Putin opens Russian-Dutch year amid protest

Russian President Vladimir Putin and Queen Beatrix of the Netherlands toast after they unveiled a plaquette with hand imprint of Peter the Great, during a tour of the Amsterdam Hermitage Museum April 8, 2013. Source: Reuters

Russian President Vladimir Putin and Queen Beatrix of the Netherlands toast after they unveiled a plaquette with hand imprint of Peter the Great, during a tour of the Amsterdam Hermitage Museum April 8, 2013. Source: Reuters

The Russian president spoke about gay rights and his recent run-in with a women’s rights group in the Netherlands.

In early April, Russian President Vladimir Putin wrapped up his trip to Amsterdam, where he opened the program for the Russian-Dutch Bilateral Year. Crowds in the Netherlands greeted Putin with mixed reactions, but protests did not stop the Russian delegation from signing 15 agreements for cooperation in various areas with the Netherlands.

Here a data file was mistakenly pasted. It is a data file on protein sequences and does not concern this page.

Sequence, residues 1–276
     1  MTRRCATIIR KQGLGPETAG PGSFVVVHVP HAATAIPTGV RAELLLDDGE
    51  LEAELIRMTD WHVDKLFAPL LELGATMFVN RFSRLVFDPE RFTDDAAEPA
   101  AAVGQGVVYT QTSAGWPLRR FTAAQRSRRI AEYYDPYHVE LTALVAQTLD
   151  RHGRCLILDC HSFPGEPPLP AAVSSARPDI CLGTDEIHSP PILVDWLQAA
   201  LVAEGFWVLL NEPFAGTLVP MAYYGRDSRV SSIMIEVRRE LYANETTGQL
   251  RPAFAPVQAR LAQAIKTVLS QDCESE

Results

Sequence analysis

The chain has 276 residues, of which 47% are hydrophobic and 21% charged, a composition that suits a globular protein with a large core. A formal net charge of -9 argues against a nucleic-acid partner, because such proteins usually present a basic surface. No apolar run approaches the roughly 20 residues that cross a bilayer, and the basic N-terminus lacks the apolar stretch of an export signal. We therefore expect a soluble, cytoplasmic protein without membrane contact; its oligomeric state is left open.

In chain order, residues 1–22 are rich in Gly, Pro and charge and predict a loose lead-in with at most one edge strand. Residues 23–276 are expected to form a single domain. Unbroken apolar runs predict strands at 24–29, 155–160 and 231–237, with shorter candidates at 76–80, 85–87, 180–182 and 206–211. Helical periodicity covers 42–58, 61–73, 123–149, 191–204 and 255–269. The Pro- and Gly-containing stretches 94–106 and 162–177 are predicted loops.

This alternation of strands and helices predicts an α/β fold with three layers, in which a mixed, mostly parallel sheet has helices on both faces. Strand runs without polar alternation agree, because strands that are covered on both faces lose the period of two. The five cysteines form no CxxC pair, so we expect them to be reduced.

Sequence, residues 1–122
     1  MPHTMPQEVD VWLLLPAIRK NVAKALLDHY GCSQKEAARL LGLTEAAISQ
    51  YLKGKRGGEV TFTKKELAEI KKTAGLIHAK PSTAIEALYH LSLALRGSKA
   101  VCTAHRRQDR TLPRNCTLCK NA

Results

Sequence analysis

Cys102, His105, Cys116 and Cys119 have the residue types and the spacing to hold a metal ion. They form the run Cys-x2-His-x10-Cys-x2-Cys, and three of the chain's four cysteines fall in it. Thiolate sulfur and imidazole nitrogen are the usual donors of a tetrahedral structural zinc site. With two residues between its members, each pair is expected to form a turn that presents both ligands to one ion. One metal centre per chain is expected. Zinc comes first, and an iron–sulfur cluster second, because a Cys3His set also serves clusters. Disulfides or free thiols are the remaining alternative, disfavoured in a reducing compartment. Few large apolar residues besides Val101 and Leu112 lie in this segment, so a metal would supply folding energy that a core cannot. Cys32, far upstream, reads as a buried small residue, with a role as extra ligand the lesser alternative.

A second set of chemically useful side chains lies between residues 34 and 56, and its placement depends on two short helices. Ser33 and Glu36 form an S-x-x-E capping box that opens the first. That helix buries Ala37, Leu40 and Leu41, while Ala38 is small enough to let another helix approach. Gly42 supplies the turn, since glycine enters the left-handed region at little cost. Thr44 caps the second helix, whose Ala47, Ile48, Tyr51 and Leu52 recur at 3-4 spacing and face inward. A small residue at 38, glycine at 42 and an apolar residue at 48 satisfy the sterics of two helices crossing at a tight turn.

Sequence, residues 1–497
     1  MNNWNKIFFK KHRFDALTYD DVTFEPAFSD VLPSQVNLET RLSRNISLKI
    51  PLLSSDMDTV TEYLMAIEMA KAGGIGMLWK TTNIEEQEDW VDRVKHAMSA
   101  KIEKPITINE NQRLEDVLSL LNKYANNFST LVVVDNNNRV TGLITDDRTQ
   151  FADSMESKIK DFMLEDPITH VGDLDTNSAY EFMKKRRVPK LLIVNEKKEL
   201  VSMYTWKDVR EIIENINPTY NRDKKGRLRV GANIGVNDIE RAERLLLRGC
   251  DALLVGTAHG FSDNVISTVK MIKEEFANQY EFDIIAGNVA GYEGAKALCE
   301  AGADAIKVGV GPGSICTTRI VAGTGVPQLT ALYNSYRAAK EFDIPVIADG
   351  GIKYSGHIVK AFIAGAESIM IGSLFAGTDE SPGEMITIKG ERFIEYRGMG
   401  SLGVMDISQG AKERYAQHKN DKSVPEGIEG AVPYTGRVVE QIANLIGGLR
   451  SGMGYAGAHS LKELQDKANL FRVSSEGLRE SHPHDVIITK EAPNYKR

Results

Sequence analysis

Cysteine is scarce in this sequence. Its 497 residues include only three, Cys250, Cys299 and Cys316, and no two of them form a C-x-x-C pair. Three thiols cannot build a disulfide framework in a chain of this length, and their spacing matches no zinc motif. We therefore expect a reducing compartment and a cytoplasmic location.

The Russian president’s visit to the Netherlands in early April was accompanied by mass protests. Amsterdam seemed to be split in two: on the one hand, Putin’s opponents protested alongside human rights groups, who believe that gay rights are violated in Russia; on the other hand, Putin’s supporters cheered for the Russian president. These supporters included Syrians, who were grateful for Russia’s stance on military non-interference in their internal affairs.